How Do You Save Four Million Canadians from Hunger?
Empty refrigerators, skipped meals, and famished kids are all signs of a broken economy. To fix it, we need to start thinking of food as a human right
- by Raizel RobinRaizel Robin Updated 16:21, Feb. 24, 2021 | Published 16:16, Mar. 6, 2019This article was published over a year ago. Some information may no longer be current.
It’s 9 a.m. and the coffee’s on at the Bayers Westwood Family Resource Centre. The narrow, two-storey building is nestled in the middle of a public housing project in the west end of Halifax. The front door opens into a crowded sitting room.
A number of single parents have come for the cooking classes and are dropping off their kids at the free child-minding service. Other people are here for company. But a larger group is looking for something they struggle to find on their own: a bite to eat. One of the centre’s main draws is a small counter where coffee, tea, and a plate of day-old muffins and bagels are served—regular donations from the charity Feed Nova Scotia. Across the hall is the Trading Post, a small room stocked with packaged foods clients have received from their local food bank but that they can’t, or don’t, use: cans of Campbell’s soup, Aylmer diced tomatoes, Heinz baked beans, and Zoodles line the floor-to-ceiling shelves.
Not all of it is nutritious. Everyone understands that. But it’s something. And when you have a community to feed, you do what you can. The predicament weighs on the centre’s hands-on, energetic executive director, Donna Sutton. “People come in the morning for a bagel and coffee,” Sutton says. “They come back in the afternoon for a muffin. That’s breakfast and lunch. Then they just have to worry about dinner.” With meager earnings and no access to credit, many of Sutton’s clients are facing cold truths. Some weeks, stopping off at Sobeys means there might not be enough left to buy medication or pay rent or put gas in the car to get to work. Because groceries are often the only flexible item in a tight budget, they are what families tend to sacrifice first. Families that have to make these kinds of trade-offs are called food insecure.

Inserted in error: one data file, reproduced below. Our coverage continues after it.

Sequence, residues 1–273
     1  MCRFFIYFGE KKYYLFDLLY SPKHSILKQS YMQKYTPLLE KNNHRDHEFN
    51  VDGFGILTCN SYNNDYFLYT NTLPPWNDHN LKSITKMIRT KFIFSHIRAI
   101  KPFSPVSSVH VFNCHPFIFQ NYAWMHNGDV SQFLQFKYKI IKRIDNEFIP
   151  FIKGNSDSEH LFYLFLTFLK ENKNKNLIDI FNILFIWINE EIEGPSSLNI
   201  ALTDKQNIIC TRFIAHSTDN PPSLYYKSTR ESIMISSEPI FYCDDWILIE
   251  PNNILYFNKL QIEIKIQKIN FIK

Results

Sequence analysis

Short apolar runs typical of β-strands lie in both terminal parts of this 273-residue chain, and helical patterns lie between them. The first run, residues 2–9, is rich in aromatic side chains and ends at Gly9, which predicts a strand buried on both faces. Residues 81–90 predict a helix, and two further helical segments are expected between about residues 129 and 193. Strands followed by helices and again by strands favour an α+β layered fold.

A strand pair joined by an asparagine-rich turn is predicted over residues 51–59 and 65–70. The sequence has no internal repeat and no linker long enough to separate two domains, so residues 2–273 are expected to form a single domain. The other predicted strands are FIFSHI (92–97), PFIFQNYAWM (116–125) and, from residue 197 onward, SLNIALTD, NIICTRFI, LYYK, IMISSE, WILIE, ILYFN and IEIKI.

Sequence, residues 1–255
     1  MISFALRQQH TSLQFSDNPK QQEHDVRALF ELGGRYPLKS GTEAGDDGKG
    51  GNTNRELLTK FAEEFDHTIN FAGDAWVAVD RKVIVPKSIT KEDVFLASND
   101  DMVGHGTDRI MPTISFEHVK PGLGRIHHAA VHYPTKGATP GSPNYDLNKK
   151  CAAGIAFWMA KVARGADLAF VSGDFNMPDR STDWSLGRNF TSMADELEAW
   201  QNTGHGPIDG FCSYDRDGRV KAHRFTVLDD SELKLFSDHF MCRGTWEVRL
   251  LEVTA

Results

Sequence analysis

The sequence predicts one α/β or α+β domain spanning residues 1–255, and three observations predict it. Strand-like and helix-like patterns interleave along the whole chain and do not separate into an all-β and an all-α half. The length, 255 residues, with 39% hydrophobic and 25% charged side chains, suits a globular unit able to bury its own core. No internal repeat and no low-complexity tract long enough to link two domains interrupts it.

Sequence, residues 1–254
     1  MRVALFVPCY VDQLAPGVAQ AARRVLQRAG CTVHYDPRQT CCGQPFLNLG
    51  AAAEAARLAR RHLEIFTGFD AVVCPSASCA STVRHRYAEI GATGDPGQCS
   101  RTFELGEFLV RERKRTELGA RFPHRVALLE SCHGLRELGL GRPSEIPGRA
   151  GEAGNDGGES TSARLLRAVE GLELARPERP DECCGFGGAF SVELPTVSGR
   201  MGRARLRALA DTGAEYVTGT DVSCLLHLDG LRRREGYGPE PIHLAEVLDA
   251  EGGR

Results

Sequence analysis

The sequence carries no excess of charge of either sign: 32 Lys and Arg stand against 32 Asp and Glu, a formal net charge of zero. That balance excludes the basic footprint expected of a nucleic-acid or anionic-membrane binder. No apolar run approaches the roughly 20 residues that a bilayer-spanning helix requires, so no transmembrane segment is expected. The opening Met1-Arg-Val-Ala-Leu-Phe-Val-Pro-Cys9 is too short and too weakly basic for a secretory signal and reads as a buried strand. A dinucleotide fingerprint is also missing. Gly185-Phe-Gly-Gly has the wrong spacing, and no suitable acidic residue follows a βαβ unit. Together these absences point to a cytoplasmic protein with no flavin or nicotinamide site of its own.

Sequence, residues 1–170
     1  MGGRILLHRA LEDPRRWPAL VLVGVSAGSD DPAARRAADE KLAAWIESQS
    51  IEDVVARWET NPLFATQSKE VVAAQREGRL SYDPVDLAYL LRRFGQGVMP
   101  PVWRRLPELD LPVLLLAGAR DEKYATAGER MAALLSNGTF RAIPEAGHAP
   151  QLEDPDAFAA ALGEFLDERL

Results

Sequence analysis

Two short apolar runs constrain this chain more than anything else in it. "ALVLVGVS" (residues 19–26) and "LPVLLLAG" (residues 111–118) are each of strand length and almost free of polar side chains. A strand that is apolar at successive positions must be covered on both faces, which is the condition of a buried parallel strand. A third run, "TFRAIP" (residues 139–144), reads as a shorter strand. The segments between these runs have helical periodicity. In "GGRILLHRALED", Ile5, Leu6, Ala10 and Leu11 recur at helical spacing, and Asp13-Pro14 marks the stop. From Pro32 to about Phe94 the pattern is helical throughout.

Food insecurity is largely about the struggle to afford food. Insufficient social assistance, increases in the number of low-wage, part-time, or contract jobs, and a lack of affordable housing have created financial constraints that make it more and more difficult to eat. Proof, a food-insecurity research group at the University of Toronto, breaks down the problem a few ways. Worrying that you’ll run out of provisions before you manage to buy more is “marginally food insecure.” According to Proof’s analysis of the most recent nationwide data from Statistics Canada, about 580,000 households fell into that category in 2012. If you compromise on the quality or quantity of your portions, you’re “moderately food insecure.” That category includes 786,100 households. Another 336,700 are severely food insecure—that means they skip meals or spend days without eating. All this adds up to 1.7 million households, which translates to nearly 4 million Canadians. That’s a conservative estimate, because some provinces and territories can, and have, opted out of more recent StatsCan surveys. The surveys also miss the most at risk: incarcerated people, remote rural residents, people living on-reserve, the homeless.